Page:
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The first one, I was just curious about, from the European cost savings development moving to Q4 this year. Q4 last year was the first quarter where you started seeing benefits. So I'm wondering if year-over-year we should be expecting fewer, comparatively, benefits to the year-over-year margin next quarter. And if so, if you're able to quantify that. And then just lastly on the cash. I'm just wondering if you can give us any color on your expectations for the full year in terms of improvement of, for example, accounts receivable days or anything, just because obviously, the large inflow from accounts receivables stands out as quite unusually strong compared to overall what you guys have delivered on a quarterly basis.

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Magnus Ahlqvist, Securitas AB - President & CEO [16]

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Yes. So on -- thank you. So on the cost savings program in Europe, we had benefit of around SEK 75 million in the first 9 months. Expect similar run rate to that in the fourth quarter as well. So around SEK 25 million in terms of the positive impact, and that is going according to plan. Bart, do you want to take the question in terms of cash? Obviously, we don't make any predictions, but can we [answer]?

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Bart Adam, Securitas AB - CFO [17]

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No, but that -- I mean, yes, as you mentioned, so our accounts receivables and days have been reducing. It's the first time in a quite long period that we have seen a reduction actually year-on-year on the DSOs, day sales outstanding. So helped, of course, by the focus we had on it; helped by also reduced organic growth. That is just how it is. If organic growth is on a bit lower level, then that helps our accounts receivables. And of course, our entire plan is to keep this gain for year-end as well. And I do not make any promises there, but that is what we're really working at.

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Operator [18]

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We are now over the line of Sylvia Barker and JPMorgan.

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Sylvia Pavlova Barker, JP Morgan Chase & Co, Research Division - Analyst [19]

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So a series of questions. One, North America, just understanding the slowdown sequentially. Could you maybe give any color around how that progressed during the quarter? So any indication of run rate or any indication of how price versus volume has done maybe in North America just to understand that move? And secondly, on Ibero-America. Was all the sequential slowdown due to the Spanish contracts? And is there more to come there? And then on Argentina, within that, is -- was there any sequential impact from Argentina? And could you just remind us how you actually treat the hyperinflation within the organic, just to be clear on that? And then finally, thirdly on European margins into Q4. So you spoke about the savings. How much of a drag is the French CICE reduction year-on-year currently? And how much better could that be sequentially into Q4?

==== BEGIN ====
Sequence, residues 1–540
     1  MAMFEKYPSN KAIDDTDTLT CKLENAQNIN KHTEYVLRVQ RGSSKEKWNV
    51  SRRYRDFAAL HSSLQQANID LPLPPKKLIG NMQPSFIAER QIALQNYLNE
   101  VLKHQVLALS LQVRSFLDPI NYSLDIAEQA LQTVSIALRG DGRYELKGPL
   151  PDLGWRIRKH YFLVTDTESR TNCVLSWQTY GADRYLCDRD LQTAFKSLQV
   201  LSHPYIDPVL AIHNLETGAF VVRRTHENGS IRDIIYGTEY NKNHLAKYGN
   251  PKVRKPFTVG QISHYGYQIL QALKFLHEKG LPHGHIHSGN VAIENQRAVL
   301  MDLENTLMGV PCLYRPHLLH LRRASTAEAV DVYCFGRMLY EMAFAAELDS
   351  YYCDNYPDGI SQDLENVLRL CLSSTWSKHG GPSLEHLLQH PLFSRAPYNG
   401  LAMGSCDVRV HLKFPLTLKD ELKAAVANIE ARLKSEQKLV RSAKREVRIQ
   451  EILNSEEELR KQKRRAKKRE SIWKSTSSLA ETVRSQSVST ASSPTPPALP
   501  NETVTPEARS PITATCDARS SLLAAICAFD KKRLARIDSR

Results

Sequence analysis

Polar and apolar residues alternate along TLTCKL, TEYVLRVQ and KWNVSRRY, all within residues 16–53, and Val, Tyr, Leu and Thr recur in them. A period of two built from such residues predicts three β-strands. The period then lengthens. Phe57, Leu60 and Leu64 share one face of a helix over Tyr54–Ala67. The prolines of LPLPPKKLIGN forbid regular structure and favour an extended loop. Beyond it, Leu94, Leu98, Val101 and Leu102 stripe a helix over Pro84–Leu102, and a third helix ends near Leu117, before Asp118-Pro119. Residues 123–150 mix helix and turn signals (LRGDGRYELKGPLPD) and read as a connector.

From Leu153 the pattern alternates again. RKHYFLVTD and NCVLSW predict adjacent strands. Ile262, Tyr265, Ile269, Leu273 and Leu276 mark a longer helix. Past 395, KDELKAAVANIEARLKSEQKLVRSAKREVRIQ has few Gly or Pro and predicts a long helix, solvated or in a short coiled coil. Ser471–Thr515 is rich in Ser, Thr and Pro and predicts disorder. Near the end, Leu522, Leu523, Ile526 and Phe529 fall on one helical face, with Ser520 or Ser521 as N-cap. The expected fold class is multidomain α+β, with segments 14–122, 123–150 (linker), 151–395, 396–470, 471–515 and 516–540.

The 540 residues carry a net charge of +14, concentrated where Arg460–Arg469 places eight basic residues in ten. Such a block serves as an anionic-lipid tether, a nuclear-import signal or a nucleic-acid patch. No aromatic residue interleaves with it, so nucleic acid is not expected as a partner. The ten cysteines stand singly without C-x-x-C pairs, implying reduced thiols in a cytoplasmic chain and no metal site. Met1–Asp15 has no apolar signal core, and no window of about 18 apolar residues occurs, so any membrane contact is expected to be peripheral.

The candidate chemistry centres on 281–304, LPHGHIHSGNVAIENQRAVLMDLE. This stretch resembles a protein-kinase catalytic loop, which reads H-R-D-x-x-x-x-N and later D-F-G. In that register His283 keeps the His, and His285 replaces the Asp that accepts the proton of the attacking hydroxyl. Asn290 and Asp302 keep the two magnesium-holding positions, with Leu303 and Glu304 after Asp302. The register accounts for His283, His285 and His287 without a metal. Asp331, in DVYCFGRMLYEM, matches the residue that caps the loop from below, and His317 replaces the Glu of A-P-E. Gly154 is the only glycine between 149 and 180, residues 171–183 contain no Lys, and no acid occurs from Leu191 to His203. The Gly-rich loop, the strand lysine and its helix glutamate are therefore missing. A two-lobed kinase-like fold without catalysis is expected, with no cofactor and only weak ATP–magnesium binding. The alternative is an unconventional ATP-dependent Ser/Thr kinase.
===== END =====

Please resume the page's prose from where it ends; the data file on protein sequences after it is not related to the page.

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Magnus Ahlqvist, Securitas AB - President & CEO [20]

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So if you look at, Sylvia, the first question related to the growth in North America, it is, like you highlighted, a little bit lower than what we see last year. We have a few contracts that we lost in North America at the beginning of the year and also are having a negative impact. I would argue that, that is more kind of seasonality. Sometimes, we win more than what we normally do. Sometimes it's the opposite. This was the situation now. Generally speaking, in terms of price/wage, North America team handling very well. And I think that is also reflected in the good performance that we have. Like I highlighted, the 5 guarding regions are strong drivers and contributors to the results.

When I look at the Ibero-America-related questions, Spain and the solutions contract, first of all, yes, there was primarily impact from a reduction in those temporary solutions contracts that we've had. And we expect a gradual decrease of those contracts over the coming quarters. But we're obviously working to mitigate some of that impact as well with new sales of solutions contracts.

I think the other question, Bart, do you want to cover?

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Bart Adam, Securitas AB - CFO [21]

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Yes. So as of first of July last year, we have adopted IAS 29, the hyperinflation accounting, for Argentina. And when we calculate there the key ratios, such as organic growth and will change, the impacts from the remeasurement is treated in the same way as currency change. So from that perspective, the organic sales growth is a similar measurement as we did before IFRS -- sorry, before IAS 29. So there is no, so to say, any impact from the remeasurement on how we measure organic growth.

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Sylvia Pavlova Barker, JP Morgan Chase & Co, Research Division - Analyst [22]

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Bart, sorry, just a follow-up on that. And so essentially, you would take off all the "excess inflation." And to offset that, I guess, and so obviously, you still have inflation. How much inflation, I guess, did you have in Argentina in Q3 on the organic?